Portraits of Wildflowers

Perspectives on Nature Photography

Red, white, and blue—plus purple

with 5 comments

The stem of a snow-on-the-prairie plant, Euphorbia marginata, grows straight and tall, often rising several feet before branching into three, always three, proof that plants learned to count before people did. In a colony of these numerate* plants, the tripartite branches and any secondary branches form a canopy that it is possible to sit underneath and look up at. So sat I—actually lay on the ground—on the clear morning of August 31 and looked upward. Notice at the bottom right how the lower portion of the plant’s stalk often turns reddish-orange. Note also how the plant’s approximately elliptical leaves grow upright and therefore almost parallel to the stalk they emerge from. But in the opposite corner of the picture, offset against the blue of the sky, what are those more than a dozen little patches of purple? Look this way next time and find out.

—-

* In the world of words, literate means ‘knowing your letters,’ which is to say ‘knowing how to read and write.’ The parallel term in the world of numbers is numerate, ‘knowing arithmetic.’

© 2011 Steven Schwartzman

Written by Steve Schwartzman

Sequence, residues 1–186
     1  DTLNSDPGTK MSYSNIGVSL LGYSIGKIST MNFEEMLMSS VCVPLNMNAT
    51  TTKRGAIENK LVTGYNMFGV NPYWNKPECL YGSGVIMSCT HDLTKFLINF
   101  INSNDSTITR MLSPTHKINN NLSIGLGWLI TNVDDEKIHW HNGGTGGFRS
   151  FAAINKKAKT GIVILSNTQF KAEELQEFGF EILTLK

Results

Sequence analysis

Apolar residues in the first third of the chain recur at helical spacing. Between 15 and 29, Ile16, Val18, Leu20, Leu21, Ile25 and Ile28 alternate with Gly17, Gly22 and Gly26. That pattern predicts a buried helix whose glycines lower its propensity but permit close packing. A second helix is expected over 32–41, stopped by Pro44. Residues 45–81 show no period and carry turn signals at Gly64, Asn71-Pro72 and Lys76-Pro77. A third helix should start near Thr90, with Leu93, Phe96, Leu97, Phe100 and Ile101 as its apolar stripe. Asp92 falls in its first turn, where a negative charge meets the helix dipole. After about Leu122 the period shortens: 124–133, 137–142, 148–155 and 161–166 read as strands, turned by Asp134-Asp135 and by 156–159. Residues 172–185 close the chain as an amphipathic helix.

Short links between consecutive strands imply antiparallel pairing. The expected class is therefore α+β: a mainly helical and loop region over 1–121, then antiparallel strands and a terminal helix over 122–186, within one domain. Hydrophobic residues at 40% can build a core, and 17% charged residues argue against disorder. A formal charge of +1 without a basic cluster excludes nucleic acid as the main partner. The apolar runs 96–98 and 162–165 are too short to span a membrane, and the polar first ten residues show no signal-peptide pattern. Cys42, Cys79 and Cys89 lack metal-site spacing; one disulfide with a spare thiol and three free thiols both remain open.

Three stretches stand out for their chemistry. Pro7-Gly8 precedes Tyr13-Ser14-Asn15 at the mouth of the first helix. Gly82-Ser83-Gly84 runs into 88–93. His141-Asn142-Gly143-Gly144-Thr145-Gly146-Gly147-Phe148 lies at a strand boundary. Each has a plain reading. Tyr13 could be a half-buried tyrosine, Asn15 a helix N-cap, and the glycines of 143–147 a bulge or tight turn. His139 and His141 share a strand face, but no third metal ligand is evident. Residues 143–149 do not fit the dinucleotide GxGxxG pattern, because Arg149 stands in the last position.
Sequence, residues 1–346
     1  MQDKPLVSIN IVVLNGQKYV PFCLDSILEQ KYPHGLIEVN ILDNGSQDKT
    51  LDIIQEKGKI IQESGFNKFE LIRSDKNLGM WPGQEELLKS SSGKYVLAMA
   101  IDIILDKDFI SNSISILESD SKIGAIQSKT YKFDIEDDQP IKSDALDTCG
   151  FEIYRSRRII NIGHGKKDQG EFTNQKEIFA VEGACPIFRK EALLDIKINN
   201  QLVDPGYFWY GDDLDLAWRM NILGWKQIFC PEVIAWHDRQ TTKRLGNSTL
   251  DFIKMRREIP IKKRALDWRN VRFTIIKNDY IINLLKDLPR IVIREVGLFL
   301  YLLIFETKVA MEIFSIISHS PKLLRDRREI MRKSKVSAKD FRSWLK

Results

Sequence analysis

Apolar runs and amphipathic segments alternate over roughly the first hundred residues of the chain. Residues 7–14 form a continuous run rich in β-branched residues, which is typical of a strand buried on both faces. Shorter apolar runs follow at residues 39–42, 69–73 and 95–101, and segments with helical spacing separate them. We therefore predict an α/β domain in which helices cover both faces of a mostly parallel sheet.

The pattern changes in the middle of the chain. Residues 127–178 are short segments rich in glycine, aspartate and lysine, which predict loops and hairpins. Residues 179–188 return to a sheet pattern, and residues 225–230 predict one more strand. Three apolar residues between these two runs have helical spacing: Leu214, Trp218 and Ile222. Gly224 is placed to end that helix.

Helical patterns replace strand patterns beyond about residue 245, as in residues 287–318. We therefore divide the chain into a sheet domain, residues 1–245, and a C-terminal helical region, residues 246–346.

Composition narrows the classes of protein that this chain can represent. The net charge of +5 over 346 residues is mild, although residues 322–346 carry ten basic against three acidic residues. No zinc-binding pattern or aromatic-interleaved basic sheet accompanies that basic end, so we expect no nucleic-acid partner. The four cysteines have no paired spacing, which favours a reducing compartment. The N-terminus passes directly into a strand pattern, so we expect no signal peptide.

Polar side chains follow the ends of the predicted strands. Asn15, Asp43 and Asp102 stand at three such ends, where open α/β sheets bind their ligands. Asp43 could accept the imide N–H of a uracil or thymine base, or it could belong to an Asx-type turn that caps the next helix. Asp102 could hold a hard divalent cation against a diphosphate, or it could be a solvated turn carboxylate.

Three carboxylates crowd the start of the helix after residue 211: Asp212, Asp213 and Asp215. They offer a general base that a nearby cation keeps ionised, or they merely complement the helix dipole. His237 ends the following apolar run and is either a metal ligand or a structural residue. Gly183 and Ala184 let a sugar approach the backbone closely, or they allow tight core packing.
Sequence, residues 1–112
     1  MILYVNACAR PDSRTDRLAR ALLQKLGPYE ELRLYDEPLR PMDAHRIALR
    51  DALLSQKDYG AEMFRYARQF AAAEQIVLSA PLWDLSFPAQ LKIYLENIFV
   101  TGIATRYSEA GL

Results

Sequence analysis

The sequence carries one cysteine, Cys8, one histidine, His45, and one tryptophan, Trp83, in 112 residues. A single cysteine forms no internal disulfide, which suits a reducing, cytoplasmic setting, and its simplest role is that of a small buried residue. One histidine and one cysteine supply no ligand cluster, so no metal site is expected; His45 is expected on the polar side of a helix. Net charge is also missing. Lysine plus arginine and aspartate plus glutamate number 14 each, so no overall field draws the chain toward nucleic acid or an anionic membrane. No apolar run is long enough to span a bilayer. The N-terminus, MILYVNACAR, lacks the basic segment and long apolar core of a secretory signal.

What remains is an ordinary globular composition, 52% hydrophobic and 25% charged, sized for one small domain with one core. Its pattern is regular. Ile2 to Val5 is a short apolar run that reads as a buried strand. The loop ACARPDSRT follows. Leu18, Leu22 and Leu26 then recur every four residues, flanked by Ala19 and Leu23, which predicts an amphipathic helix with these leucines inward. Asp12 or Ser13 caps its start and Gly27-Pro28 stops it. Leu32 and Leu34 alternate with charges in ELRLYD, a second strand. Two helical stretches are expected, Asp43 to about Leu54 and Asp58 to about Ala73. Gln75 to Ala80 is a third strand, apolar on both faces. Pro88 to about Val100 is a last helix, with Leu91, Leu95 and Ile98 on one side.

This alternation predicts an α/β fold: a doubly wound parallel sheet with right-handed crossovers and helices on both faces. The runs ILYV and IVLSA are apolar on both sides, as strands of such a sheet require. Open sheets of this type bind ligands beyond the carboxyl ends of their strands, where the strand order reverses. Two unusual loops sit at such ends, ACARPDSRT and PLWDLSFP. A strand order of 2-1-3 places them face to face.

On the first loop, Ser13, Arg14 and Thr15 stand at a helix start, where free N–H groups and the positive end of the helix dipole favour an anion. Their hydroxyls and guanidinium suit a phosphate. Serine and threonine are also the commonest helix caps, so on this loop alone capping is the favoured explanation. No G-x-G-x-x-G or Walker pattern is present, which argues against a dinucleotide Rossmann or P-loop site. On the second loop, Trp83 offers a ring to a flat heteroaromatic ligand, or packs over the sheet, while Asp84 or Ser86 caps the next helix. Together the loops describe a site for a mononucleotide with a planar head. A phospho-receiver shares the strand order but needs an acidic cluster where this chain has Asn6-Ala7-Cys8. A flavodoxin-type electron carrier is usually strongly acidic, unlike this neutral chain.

September 5, 2011 at 5:45 AM

5 Responses

Subscribe to comments with RSS.

  1. I love that you lay on the ground to take that image. So often we (humans) forget to take the viewpoint of another being. What does an insect see? How difficult was the task of growing straight up? Look at how beautiful the blue sky is in contrast to those other colors – how balanced nature frames her work.

    Dawn

    September 5, 2011 at 9:12 AM

    • Thanks, Dawn. Lying on the ground (or kneeling with my head bent down near the ground and looking back up) has given me different perspectives (literally and figuratively) on nature. I was out getting my daily dose of that this morning, primarily with some more small stands of snow-on-the-mountain that I found in a couple of locations that were new to me.

      Steve Schwartzman

      September 5, 2011 at 1:34 PM

  2. What a great angle of view- it makes the picture far more interesting that it would have been. Bravo!

    Watching Seasons

    September 5, 2011 at 6:00 PM

    • Agreed. This is the way many animals would see the scene. Just call me an animal with a camera.

      Steve Schwartzman

      September 5, 2011 at 6:29 PM

  3. […] I wandered along Brushy Creek on August 31, in addition to snow-on-the-prairie and eryngo I found peppervine, Ampelopsis arborea. This native vine’s leaves look somewhat like those of […]


Leave a Reply

Fill in your details below or click an icon to log in:

WordPress.com Logo

You are commenting using your WordPress.com account. Log Out /  Change )

Google photo

You are commenting using your Google account. Log Out /  Change )

Twitter picture

You are commenting using your Twitter account. Log Out /  Change )

Facebook photo

You are commenting using your Facebook account. Log Out /  Change )

Connecting to %s

%d bloggers like this: